Clinical toxicology involves the assessment and management of disease caused by exposure to an agent(s) in which adverse effects may develop. All natural and synthetic xenobiotics are capable of causing toxicity in humans. It is paramount to recognize that all substances can be poisonous in a specific situation.
Multiple avenues have been developed to reduce the incidents of unintentional poisoning. The Poison Prevention and Packaging Act (1970) (PPPA), enforced by the US Consumer Product Safety Commission, requires some hazardous household products, as well as oral prescription medications and some over-the-counter medications intended for noninstitutional use, to utilize child-resistant containers unless directed by the prescriber or requested by the patient. Additionally, the PPPA limits the quantity for packaging of some products.
General Approach to the Poisoned Patient
In the setting of known or suspected poisoning, patients commonly present with inadequate and unreliable histories. Therefore, the potential for rapid patient deterioration should be anticipated, and aggressive supportive care should be instituted early, with first consideration given to the “ABCs” (airway, breathing, circulation). In patients with concerning histories or abnormalities, interventions should also include administration of oxygen; establishment of intravenous (IV) access; obtaining a 12-lead electrocardiogram (ECG) and continuous cardiac monitoring; and determination of arterial blood gases (ABGs), blood glucose, and electrolyte values. Additionally, empiric administration of an IV “Coma Cocktail” consisting of 100 mg of thiamine, 25 to 50 g of dextrose, and 0.04 to 2 mg of naloxone should be considered early in the management of patients with altered mental status of unknown cause. Seizure and dysrhythmia are possible and potential need for treatment with a benzodiazepine and/or standard advanced cardiac life support (ACLS) should be recognized.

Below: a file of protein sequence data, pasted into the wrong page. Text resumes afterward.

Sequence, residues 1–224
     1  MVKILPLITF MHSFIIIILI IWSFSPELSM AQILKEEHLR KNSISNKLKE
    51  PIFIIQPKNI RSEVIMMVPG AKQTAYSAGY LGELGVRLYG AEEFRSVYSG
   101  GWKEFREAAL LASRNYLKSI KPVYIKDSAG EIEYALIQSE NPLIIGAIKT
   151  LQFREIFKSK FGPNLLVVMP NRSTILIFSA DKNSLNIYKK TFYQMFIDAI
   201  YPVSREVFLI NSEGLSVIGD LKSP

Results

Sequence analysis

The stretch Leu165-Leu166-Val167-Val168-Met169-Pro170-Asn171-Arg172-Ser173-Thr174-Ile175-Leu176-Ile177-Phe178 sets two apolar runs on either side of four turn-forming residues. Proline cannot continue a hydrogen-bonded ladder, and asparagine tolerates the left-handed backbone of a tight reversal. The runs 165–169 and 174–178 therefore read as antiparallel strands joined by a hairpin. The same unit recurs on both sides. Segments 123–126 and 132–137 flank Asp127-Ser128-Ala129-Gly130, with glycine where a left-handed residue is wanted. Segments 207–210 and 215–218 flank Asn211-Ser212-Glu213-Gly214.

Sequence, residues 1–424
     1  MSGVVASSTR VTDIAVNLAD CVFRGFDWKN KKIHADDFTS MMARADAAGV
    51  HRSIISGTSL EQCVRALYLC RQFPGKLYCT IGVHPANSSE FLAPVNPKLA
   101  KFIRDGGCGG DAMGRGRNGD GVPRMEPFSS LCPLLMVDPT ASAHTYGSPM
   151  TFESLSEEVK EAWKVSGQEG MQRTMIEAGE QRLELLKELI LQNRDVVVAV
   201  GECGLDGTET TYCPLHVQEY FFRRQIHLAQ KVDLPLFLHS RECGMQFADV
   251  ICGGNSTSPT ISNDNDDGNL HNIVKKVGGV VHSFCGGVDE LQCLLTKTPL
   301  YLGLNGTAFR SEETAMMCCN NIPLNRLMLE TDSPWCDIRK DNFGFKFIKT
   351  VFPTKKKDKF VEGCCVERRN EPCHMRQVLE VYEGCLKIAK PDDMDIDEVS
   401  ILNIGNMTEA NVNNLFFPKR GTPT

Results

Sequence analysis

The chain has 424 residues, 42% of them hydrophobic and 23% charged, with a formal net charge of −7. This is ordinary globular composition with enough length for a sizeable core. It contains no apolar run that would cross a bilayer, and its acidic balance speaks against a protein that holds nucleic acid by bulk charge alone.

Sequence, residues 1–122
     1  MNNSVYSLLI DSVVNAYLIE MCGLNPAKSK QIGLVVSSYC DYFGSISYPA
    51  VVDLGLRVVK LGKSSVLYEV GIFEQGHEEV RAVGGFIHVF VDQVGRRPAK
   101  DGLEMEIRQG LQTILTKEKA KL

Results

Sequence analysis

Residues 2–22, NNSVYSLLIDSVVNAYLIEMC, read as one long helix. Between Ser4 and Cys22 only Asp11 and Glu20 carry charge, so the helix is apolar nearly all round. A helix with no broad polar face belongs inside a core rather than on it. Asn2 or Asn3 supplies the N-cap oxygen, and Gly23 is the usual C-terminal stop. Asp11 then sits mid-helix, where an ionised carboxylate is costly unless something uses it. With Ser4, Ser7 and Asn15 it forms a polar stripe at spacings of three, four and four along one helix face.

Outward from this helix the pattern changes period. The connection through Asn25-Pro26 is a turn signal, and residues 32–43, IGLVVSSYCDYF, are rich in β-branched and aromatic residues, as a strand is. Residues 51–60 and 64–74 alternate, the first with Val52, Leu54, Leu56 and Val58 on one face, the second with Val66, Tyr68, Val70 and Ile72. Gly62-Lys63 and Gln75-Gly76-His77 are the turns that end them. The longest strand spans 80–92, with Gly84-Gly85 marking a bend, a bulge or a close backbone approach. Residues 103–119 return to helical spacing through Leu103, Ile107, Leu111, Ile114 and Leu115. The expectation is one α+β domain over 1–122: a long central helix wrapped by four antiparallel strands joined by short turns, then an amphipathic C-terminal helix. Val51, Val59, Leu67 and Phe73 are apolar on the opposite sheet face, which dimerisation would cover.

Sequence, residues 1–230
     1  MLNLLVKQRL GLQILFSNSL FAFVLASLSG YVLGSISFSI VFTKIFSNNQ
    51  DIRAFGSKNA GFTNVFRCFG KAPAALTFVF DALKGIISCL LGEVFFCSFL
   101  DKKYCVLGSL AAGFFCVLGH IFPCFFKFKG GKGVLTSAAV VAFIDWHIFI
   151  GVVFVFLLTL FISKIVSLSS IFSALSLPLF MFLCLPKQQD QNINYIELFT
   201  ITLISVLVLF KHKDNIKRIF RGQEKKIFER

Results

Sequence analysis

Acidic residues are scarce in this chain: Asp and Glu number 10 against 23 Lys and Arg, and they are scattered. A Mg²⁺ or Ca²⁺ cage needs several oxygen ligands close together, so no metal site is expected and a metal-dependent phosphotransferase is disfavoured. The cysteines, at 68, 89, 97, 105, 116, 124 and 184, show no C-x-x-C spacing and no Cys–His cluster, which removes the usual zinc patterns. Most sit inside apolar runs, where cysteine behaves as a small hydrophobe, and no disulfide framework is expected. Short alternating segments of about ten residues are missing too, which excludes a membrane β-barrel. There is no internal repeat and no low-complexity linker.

A thorough history and physical examination are essential in treating toxicologic emergencies. Once the ABCs have been addressed and primary survey is completed, a more detailed secondary survey can be performed. Recognition of a pattern or syndrome of symptoms may narrow the diagnosis to a particular class or group of offending agents. Common “toxidromes” are described in Table 73-1. It is important to note that not all patients will be “classic” representations of the toxidrome. Some share overlapping characteristics.
TABLE 73-1Select Syndromes of Toxicity ||Download (.pdf) TABLE 73-1 Select Syndromes of Toxicity
|Toxidrome Symptoms |
|Opiate ||CNS depression, respiratory depression, miosis, decreased bowel motility |
|Cholinergic ||Salivation, lacrimation, urination, defecation, GI distress, emesis, bronchorrhea, bradycardia |
|Anticholinergic ||Delirium/hallucinations, urinary retention, decreased bowel motility, mydriasis, tachycardia, hyperthermia, flushed skin, dry mucous membranes |
|Sympathomimetic ||Agitation, mydriasis, tachycardia, hyperthermia, diaphoresis, tremor, hypertension |
In conjunction with history and physical examination, laboratory testing can provide important clues in treatment of the ...